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On December 18, 2019, the U.S. Fifth Circuit Court of Appeals issued its long-awaited ruling in Texas v. United States, a case challenging the constitutionality of the Affordable Care Act.

The 5th Circuit ruling upholds (in part) an earlier lower court decision that declared the ACA to be unconstitutional, due to Congress’ 2017 enactment of a law that zeroed out the tax penalty under the individual mandate.[i] In the latest ruling, the 5th Circuit agreed that the ACA’s individual mandate should be struck down as unconstitutional. However, the three-judge panel also said that perhaps other parts of the ACA could survive (i.e., the mandate could perhaps be “severed” from the ACA, leaving other parts of the law in place). The 5th Circuit sent the case back to the lower court to reconsider this severability question. It also instructed the lower court to consider whether a ruling should be limited to just the 18 plaintiff states or apply to all states.

As patient advocates and other stakeholders weigh next steps, please be aware that the latest ruling in Texas v. United States does not affect your insurance coverage for now. The ACA will continue to be in effect for the full 2020 plan year. This includes ACA protections for people with pre-existing conditions, as well as the ACA’s Medicaid expansion. Individuals who signed up through healthcare.gov for 2020 remain covered – and people living in the handful of states where open enrollment is ongoing (see below) should sign up for 2020 coverage if they still need to do so!

What are the stakes for people with bleeding disorders and other health conditions? Texas v. United Statesthreatens the long-term viability of the ACA’s patient protections. A sweeping final ruling against the ACA would mean an end to the ACA’s protections for individuals with pre-existing conditions. Health plans would once again be free to deny coverage or charge much higher premiums based on health status. Tax credits that help people buy insurance on the individual market would disappear, as would the requirement that health plans cover essential health benefits.

Such a ruling could also have an impact far beyond the individual insurance market and the ACA Exchanges. Large employers would no longer have to offer insurance to their employees. Health plans could re-introduce annual and lifetime caps on benefits; would not have to limit patients’ yearly out-of-pocket costs; would not have to allow parents to keep their children covered up to age 26; and more. The ACA’s Medicaid expansion would disappear, eliminating coverage for many millions of people in 36 states. Provisions that save money for Medicare enrollees (such as those closing the Part D “doughnut hole”) would also expire.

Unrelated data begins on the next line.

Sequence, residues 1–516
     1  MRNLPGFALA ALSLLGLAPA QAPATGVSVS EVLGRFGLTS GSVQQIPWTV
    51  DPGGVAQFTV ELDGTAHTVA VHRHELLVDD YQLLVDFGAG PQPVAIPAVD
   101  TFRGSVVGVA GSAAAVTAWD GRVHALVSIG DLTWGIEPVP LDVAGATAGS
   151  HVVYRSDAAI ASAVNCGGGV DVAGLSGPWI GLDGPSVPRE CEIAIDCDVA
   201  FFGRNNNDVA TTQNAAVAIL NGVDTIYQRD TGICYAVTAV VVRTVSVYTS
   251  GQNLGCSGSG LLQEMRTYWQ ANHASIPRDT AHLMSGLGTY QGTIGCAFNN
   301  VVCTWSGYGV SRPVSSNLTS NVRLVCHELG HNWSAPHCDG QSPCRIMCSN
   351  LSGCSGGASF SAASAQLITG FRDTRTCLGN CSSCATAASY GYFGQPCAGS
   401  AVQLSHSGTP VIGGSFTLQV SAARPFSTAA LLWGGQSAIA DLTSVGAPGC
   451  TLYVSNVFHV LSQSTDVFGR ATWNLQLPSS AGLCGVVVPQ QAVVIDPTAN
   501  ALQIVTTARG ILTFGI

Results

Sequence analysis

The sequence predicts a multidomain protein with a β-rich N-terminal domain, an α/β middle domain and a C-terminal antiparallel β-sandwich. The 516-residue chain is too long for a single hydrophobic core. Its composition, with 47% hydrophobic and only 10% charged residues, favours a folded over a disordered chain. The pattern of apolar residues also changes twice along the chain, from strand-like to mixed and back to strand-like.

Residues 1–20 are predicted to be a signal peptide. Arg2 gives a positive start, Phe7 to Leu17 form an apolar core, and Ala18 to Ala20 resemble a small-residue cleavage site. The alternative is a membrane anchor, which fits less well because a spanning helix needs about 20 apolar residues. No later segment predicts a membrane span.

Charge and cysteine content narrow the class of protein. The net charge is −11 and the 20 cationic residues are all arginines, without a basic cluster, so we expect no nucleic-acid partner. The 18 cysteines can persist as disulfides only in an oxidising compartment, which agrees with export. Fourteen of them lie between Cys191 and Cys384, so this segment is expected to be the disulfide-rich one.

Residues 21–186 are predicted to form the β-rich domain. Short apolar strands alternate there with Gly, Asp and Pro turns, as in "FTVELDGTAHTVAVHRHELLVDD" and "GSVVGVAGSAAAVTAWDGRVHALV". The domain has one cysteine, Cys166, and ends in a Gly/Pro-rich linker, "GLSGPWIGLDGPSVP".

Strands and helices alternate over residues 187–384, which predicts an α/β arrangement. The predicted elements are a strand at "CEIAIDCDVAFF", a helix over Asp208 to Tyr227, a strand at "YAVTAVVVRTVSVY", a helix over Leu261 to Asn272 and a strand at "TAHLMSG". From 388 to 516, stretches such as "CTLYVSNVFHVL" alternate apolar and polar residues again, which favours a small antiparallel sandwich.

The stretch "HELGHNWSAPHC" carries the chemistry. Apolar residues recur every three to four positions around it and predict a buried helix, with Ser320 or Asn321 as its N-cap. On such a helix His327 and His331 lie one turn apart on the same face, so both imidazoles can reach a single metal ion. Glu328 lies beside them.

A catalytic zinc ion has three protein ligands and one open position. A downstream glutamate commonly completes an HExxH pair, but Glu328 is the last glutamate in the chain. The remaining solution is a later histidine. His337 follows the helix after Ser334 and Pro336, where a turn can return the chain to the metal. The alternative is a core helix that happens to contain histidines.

Again, these are consequences that could ensue if the courts ultimately find the ACA broadly unconstitutional. Please remember that the ACA’s consumer protections and other provisions remain in effect for now.

What will happen next? The parties defending the ACA in Texas v. United States – California and 17 other states – have indicated that they will ask the U.S. Supreme Court to review the 5th Circuit ruling. The defending states will also decide soon whether to ask for an expedited review (i.e., ask the Supreme Court to hear the case next spring and issue a decision before the Court recesses in June). The Supreme Court may (a) grant review on an expedited basis, (b) grant review, but on a non-expedited basis, meaning that the Court wouldn’t rule on the case until after the 2020 elections, or (c) refuse to hear an appeal at this point – which would mean that the case returns to the district court, as directed by the 5th Circuit. Option (c) would lead to more years of litigation and uncertainty: another district court decision, another appeal to the 5th Circuit, and yet another petition for review by the Supreme Court.

All observers expect that the ACA will remain in effect pending further review by the courts, whichever path the case takes.

HFA – which had previously joined with sixteen other patient advocacy organizations to file an amicus curiae (“friend of the court”) brief in Texas v. United States – cosigned a statement reaffirming a steadfast commitment to protecting patients throughout the next phases of the case. HFA also joined with 27 other patient groups to issue a statement regarding the 5th Circuit ruling.

HFA staff will continue to update you about the ongoing litigation, and will continue its efforts to advocate for affordable, quality health coverage, in all available forums. Please stay tuned – and thank you for your interest and engagement.

 

Quick Hits:

Federal spending bill passed; government shutdown averted. The President signed a $1.4 trillion federal spending bill to avert any government shutdown for fiscal year 2020 (ending September 30). The bipartisan compromise includes significant funding increases for the FDA, NIH, and territorial Medicaid programs (including $200 million over the next two years for Puerto Rico) while further postponing the ACA’s cuts to disproportionate share payments for hospital care of indigents. It also ensures that ACA Marketplace plans can continue to automatically re-enroll consumers at the end of the plan year, as well as offset the loss of the ACA’s cost-sharing reductions by increasing premiums only for silver-tier plans (also called “silver-loading”). However, the spending deal eliminates ACA taxes on Cadillac health plans, all health insurers, and medical device manufacturers without offsetting the more than $200 billion in lost revenue.  Only the insurer tax was implemented and it will remain in effect for the 2020 plan year.